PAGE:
Anne Hidalgo’s twenty-first-century mayoral plans for turning Paris into the “fifteen-minute city” remind us of the spatiotemporal effects that public transportation can have on our urban experience—and of the contingency of today’s vehicular forms, from bicycles and cars to buses and trains. We are well aware of the key date of 1900 for the development of the Paris métropolitain system and because the Métro continues to provide rapid transit, it tends to overshadow previous models for communal urban transportation in the public imaginary. It is tempting to take the teleological view of transportation as a progressive development from oxcarts and galleys to airplanes and supersonic jets. Within that history, the horse-drawn omnibus that ferried small groups of passengers across the streets of Paris from 1828 to 1913 would seem merely a transitional mode, a hiccup before the propulsive advent of engines. Indeed, if we look backward to the nineteenth century...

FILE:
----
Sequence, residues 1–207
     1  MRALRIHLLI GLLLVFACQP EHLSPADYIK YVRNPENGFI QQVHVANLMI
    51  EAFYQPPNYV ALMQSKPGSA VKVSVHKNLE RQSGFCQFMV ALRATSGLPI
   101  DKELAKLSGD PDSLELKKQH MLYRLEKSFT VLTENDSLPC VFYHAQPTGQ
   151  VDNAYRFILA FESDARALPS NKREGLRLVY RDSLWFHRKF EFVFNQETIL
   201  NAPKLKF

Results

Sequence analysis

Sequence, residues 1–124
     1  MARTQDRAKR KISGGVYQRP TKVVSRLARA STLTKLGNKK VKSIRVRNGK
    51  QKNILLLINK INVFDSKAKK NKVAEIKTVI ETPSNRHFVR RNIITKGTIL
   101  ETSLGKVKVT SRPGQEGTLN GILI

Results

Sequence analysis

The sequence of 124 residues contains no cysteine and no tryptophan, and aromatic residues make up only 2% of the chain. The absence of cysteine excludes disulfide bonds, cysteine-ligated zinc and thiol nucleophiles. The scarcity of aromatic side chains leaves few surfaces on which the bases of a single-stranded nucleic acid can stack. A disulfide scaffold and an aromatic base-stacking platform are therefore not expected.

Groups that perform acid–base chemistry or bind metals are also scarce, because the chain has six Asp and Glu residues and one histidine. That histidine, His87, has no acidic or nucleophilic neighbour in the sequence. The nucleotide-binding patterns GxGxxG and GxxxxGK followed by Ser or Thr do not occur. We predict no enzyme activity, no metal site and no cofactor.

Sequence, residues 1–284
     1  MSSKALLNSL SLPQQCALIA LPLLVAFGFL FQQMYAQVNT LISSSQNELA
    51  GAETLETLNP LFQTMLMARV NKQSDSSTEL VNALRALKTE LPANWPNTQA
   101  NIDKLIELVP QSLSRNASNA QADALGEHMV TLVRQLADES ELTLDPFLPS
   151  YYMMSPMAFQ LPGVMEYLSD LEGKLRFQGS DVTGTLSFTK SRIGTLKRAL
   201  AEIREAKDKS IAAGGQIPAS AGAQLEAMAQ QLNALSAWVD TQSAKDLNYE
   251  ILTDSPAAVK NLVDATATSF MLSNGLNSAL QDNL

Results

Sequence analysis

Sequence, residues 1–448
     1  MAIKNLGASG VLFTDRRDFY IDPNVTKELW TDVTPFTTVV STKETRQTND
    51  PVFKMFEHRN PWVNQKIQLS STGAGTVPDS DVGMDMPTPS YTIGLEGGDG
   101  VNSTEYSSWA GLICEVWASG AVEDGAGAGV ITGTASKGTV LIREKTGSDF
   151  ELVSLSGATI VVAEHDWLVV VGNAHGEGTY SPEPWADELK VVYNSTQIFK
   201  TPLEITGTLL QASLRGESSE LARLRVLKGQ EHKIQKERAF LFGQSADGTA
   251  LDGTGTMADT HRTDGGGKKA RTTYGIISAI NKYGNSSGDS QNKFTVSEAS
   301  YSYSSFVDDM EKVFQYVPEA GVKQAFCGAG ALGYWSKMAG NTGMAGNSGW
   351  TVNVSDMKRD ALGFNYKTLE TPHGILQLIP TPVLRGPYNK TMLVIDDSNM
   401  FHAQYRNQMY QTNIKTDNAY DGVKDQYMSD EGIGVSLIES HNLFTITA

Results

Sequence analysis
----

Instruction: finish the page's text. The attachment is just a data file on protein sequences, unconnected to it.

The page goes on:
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December 1, 2022
Jean-Baptiste Amadieu Aurélia Cervoni Andrea Schellino
Book Review| December 01 2022
Engine of Modernity: The Omnibus and Urban Culture in Nineteenth-Century Paris
Engine of Modernity: The Omnibus and Urban Culture in Nineteenth-Century Paris.
Manchester University Press,
Romanic Review (2022) 113 (3): 515–517.
Andrea Goulet; Engine of Modernity: The Omnibus and Urban Culture in Nineteenth-Century Paris. Romanic Review 1 December 2022; 113 (3): 515–517. doi: https://doi.org/10.1215/00358118-10055181
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